If after watching a video I don't think it will generate good recommendations I remove it from my history.
Recommendations are not perfect. 3 things that would help that I wish they'd do
1) let me choose to have music separate from none music. 20%+ of my recommendations being for music is a complete waste. I'd much rather to go some special site (music.youtube.com) or (youtube.com/music) then have them mixed in with video.
2) when I pick "not interested" -> "why" -> "already watched this video" then show it as watched (put the red line under it) just like "mark as read" in email
3) don't recommend videos I already watched (this goes along with both 1 and 2. I almost never rewatch videos unless they are music videos and I don't want music mixed in with videos so the fact the 10-15% of the recommendations are for videos I already watched is a complete waste of space and time
2b) fix the UX related to not-interested. A better UX would be letting just clicking the "..." and picking "already watched" instead of the 3 step process it is now. An even better UX would be a small icon
I had someone the other day say they didn't think the tool was "sponsored" because the company lent it to them to try, in order to see if they'd use it enough to justify keeping it. Uh, yeah, that's totally sponsored, even if it's only lent.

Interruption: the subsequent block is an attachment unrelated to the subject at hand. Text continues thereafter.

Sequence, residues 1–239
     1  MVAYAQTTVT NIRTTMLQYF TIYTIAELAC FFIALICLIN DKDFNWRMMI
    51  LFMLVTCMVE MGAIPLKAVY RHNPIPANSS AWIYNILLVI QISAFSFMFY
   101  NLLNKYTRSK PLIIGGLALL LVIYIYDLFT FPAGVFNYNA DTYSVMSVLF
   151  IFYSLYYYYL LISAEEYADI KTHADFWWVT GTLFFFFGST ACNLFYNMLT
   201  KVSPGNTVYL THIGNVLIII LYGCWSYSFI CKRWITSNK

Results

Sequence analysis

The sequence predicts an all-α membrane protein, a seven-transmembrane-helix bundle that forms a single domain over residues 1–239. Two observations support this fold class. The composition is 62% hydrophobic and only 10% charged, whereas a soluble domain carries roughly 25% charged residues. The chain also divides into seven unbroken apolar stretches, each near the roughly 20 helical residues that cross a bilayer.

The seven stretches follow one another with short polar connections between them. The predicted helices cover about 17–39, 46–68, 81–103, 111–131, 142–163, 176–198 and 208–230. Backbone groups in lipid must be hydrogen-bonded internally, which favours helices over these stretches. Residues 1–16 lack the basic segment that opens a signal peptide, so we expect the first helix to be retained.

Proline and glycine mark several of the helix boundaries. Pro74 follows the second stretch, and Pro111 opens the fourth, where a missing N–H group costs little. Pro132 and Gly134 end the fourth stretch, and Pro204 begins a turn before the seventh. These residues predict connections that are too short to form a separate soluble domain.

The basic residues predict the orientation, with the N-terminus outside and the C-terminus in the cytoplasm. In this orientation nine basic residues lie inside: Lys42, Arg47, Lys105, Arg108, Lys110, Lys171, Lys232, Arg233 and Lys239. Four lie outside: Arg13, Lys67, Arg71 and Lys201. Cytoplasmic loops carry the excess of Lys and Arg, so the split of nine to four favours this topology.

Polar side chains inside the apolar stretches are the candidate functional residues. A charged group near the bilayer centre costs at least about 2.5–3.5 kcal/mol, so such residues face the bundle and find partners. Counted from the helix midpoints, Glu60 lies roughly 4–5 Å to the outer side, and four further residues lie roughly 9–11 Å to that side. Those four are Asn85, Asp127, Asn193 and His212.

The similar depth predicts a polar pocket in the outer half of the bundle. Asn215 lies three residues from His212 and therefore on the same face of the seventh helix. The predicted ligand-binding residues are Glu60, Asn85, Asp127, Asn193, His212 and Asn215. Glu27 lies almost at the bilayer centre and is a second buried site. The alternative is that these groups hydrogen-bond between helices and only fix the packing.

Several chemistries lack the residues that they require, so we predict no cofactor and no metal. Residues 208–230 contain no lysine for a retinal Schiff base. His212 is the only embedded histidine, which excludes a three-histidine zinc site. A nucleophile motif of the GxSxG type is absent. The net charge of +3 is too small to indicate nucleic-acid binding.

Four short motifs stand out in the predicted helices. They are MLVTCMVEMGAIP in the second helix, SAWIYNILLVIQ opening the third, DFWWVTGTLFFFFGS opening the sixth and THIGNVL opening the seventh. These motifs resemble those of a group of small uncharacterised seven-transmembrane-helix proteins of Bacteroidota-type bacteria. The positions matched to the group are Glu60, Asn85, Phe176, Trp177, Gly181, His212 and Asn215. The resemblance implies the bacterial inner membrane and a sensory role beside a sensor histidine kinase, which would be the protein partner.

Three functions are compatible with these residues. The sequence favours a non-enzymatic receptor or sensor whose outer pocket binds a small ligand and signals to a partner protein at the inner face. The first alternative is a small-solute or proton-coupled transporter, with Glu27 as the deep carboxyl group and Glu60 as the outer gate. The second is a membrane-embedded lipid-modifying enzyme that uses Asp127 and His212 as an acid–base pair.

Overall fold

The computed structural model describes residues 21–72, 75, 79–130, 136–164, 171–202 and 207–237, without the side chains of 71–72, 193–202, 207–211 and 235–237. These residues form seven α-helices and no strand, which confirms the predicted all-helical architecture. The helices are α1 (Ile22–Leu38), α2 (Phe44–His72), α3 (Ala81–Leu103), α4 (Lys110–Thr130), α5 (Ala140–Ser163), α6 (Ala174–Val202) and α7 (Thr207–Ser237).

Some of my usual Youtube channels now have 1 or 2 big stop-the-show ads that are unrelated to their content, and then multiple product placement moments that are incredibly obvious.
It's really taking away from the content of the shows.
I know they have to eat, and producing a lot of content is expensive, but I already pay for YouTube Premium to get rid of ads. And now the ads are infesting the shows anyhow.
Edit: I also support my favorite content producers on Patreon as well.
Unfortunately, I think my channels are one step ahead... They usually mix in interesting video in the background while they give their advertisement verbally. So I often can't really skip them without also skipping actual content.
But thanks for that!
Using youtube-dl you can get the videos without ads.
A sibling comment has recommended a browser addon to skip them (thanks for crowdsourcing), but it has issues, too.
We're in a Golden Age of Tik Tok, and it won't last. We get to enjoy the chaos and caucophony of lots of people getting 15 mins of fame.
It's not gonna last :(